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Am J Orthod Dentofacial Orthop. 1991 Jan;99(1):30-4.

Iatrogenic pulpal reactions to orthodontic extrusion.

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Department of Orthodontics, Cairo University Faculty of Dentistry, Egypt.


A careful review of the literature reveals an absence of studies about the reactions of dental pulp to orthodontic extrusion. The purpose of the present research investigation is to study the pulpal reactions and the sequence of histologic events in human dental pulp after orthodontic extrusion. The sample consisted of 36 intact maxillary first premolars of young adult orthodontic subjects. The mean age of the subjects was 18 years. Eighteen maxillary first premolars were extruded, under controlled conditions with the aid of fixed edgewise orthodontic appliances, for either 1, 2, or 4 weeks. The contralateral maxillary first premolars were not extruded and were used as controls. Immediately after removal of the appliances, all the maxillary first premolars were extracted. The pulps were histologically examined in a double-blind experiment. The results obtained from this study indicate that certain characteristic pulpal reactions arise from orthodontic extrusion. These reactions involve circulatory disturbances with congested and dilated blood vessels, odontoblastic degeneration, vacuolization and edema of the pulp tissues, and (by the fourth week) manifestation of fibrotic changes. It is speculated that the vacuolization of the pulp tissues (which occurred after the application of extrusive orthodontic forces in young adult subjects) resulted from a prolapse of the pulp, made possible by the relatively wide apical foramina. However, the odontoblastic degeneration is most probably the result of a compromised blood supply. The authors believe that this study constitutes a building block for establishing a more complete biologic foundation for orthodontic tooth movement. Further studies are suggested to reach more definitive conclusions.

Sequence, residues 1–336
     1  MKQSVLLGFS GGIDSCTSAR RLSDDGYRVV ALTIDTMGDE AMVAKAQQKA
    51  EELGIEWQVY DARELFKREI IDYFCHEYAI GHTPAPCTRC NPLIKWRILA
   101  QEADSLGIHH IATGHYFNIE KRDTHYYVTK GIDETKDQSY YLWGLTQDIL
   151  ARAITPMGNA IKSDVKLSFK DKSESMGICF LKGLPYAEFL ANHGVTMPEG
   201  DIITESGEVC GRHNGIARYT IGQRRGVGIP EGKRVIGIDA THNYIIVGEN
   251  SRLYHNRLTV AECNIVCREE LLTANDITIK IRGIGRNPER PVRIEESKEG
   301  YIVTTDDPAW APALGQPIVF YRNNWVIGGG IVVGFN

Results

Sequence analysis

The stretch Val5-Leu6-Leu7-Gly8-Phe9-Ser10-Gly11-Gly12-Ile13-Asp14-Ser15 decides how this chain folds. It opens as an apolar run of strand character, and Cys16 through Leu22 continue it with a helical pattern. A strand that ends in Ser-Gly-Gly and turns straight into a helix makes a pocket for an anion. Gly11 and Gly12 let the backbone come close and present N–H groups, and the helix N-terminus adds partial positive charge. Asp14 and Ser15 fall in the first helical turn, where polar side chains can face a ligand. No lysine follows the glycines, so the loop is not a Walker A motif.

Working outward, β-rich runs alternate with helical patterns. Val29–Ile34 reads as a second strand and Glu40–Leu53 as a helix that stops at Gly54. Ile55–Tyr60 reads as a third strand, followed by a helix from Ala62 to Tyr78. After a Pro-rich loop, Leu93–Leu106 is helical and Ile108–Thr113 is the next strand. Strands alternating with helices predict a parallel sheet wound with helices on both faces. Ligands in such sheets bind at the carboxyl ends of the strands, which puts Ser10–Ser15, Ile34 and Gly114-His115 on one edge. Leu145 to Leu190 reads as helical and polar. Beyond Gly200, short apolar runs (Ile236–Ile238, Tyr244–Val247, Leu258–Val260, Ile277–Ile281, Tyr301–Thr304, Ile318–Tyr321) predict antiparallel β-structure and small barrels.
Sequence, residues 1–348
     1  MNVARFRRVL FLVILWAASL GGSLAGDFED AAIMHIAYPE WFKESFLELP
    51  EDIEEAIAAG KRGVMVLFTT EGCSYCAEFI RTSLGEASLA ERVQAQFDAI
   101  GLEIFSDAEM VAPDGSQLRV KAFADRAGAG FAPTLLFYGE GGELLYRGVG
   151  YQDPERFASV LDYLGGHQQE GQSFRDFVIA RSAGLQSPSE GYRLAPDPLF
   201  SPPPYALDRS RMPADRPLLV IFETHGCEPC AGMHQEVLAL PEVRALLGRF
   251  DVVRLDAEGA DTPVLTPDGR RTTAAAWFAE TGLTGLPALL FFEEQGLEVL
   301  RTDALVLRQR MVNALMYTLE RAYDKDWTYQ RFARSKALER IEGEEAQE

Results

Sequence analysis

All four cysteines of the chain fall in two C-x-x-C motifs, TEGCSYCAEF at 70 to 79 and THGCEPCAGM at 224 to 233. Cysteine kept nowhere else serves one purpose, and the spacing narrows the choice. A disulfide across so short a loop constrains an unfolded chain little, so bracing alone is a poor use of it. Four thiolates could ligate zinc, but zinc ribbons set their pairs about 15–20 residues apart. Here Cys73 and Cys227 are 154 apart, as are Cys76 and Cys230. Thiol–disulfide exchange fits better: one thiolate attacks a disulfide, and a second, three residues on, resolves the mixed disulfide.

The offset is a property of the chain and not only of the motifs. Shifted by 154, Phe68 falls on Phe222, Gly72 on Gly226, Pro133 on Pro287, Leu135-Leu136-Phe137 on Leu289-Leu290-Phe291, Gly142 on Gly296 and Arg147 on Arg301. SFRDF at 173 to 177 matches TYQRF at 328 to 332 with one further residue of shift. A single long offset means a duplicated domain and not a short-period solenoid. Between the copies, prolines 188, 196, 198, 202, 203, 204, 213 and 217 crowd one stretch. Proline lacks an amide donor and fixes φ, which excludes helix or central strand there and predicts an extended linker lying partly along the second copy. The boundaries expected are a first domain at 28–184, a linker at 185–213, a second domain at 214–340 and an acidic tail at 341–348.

[Indexed for MEDLINE]

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